Review by Derrick Carter
Running Time: 1 hour 30 minutes
MPAA Rating: Not Rated
Directed by: Christopher Denham
Written by: Christopher Denham
Starring: Pablo Schreiber, Aaron Staton, Wrenn Schmidt, Cody Saintgnue & Nick Saso
Christopher Denham snuck onto my radar in 2008 with his spectacularly frightening directorial debut titled HOME MOVIE. Over the years, that little low-budget film has cemented a spot as one of my top examples of found footage horror done right. I was eagerly awaiting what Denham would write/direct next. Seven years later, his sophomore directorial effort has been released. PRESERVATION is far more basic and by-the-numbers than HOME MOVIE. This being said, Denham’s second horror project is satisfying for the most part and plays like an updated take on the old tale of humans hunting humans with the addition of modern technology.
Wit, Mike, and Sean are a wife, husband, and brother-in-law on a weekend hunting trip. In a moment of undeniable horror movie logic, they make their way into closed-off area of the forest (always a good idea) and set up camp for the night. There’s already a lot of drama occurring between the three as Wit and Mike are having marriage problems, while Sean is coping with post traumatic stress disorder. All of their problems must be set aside, when the trio wakes to find that all their supplies have been stolen and Sean’s dog has gone missing. To make matters even creepier, it appears that someone could possibly be hunting them (complete with bait, booby traps, and vantage points). The three must dive deep into their killer instincts if they want to make out of the forest alive.
PRESERVATION doesn’t necessarily require a lot of brain activity going into it. This is a small-scale slasher flick. The script is very by-the-numbers, but the cinematography is far better than I expected and there’s a decent amount of suspense to be found. A handful of tense scenes had me glued to the screen in hopes that I would see a certain character overcome their current perilous situation and not wind up as a human trophy on a killer’s mantel. Time is taken to develop the characters in the first act and thus allows for more emotion to be thrown their way when shit hits the fan, even if the acting can be a bit iffy at points (mainly from Wrenn Schmidt as Wit).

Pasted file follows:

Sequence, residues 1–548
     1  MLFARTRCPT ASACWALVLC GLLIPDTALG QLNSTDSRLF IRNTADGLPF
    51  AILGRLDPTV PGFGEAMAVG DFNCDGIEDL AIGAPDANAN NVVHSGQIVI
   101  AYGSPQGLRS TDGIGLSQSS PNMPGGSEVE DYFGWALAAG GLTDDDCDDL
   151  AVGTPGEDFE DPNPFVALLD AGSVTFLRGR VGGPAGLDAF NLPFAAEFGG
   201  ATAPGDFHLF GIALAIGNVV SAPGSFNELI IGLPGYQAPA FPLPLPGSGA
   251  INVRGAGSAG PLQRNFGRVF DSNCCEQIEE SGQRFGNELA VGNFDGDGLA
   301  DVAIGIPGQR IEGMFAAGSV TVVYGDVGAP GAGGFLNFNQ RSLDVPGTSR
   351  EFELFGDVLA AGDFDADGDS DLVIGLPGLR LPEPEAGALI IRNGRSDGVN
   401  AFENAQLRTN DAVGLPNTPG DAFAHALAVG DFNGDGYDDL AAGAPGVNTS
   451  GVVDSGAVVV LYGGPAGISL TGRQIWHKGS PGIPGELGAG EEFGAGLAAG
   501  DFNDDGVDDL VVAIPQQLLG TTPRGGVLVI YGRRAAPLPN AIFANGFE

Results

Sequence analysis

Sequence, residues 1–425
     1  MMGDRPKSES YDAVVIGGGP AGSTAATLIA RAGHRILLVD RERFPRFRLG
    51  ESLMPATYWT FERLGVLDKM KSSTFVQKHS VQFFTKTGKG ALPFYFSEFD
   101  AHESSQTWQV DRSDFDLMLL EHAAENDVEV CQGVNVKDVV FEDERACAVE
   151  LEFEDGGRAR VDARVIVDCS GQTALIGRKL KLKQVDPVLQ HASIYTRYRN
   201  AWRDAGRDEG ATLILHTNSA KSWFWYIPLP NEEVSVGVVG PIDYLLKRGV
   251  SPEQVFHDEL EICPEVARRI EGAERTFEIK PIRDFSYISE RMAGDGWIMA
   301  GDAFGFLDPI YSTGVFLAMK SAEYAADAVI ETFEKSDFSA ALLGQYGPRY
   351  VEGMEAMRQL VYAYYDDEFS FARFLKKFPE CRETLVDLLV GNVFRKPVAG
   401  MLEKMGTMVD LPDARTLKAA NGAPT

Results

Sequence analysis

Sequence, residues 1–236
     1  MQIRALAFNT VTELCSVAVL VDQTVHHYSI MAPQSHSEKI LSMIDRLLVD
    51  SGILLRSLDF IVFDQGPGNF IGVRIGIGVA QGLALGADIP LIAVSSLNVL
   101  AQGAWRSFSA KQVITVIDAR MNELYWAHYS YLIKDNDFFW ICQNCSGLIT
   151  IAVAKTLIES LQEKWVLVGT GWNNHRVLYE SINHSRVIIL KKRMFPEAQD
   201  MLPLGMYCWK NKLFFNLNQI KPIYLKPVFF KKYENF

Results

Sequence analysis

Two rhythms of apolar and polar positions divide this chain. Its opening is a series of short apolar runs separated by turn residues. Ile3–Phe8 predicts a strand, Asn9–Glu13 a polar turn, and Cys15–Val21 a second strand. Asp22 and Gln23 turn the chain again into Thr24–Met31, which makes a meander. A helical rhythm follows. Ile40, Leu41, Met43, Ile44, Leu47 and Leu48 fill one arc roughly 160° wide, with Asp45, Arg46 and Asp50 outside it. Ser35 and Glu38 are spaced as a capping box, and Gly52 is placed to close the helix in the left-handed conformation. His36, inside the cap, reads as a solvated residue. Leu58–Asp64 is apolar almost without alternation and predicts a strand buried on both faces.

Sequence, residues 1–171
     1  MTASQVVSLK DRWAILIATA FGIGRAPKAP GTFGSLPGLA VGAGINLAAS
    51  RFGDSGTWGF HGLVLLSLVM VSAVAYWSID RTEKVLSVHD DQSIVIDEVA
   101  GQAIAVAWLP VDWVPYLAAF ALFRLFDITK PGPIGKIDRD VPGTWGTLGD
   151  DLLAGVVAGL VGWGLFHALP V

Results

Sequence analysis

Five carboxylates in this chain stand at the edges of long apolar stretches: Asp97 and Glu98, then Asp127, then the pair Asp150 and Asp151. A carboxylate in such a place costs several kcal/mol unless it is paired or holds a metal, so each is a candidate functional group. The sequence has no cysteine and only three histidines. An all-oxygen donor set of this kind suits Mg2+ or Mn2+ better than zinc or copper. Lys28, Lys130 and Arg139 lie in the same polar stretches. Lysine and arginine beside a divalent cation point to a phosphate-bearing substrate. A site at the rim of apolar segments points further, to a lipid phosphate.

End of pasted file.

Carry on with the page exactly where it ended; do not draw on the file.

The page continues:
Seeing as the film is basic and predictable, this leaves it vulnerable to a number of clichés. Some of which aren’t annoying, but there are a few scenes that made me roll my eyes and say “Really?” Stupid character decisions occasionally happen that could have easily fixed a problem if an ounce of logic had been used. There’s also a cheesy moment as the third act approaches that felt forced, though a plot revelation following it up was mighty clever. The idea behind the identity of the killer is a fairly cool one, even if its been done before in a few recent horror films of this type. The biggest problem that I have with PRESERVATION is that the movie rushes what should have been its most exciting piece of the story, the climax, into a series of quick confrontations that border on becoming repetitive. This being said, the movie gets dark and disturbing in places as the whole idea of humans hunting humans remains just as scary today as it was in Richard Connell’s 1924 story THE MOST DANGEROUS GAME.
Though a rushed final act, a number of clichés, and occasionally shaky acting keep it far from perfect or great, PRESERVATION should satisfy horror fans looking for something fun to kick off the new year. This is an entertaining (albeit predictable) and simple slasher-ish flick that kept me interested. So far, Christopher Denham is 2 for 2 in his directorial catalogue and hopefully, we’ll see him tackle another horror project sooner rather than later.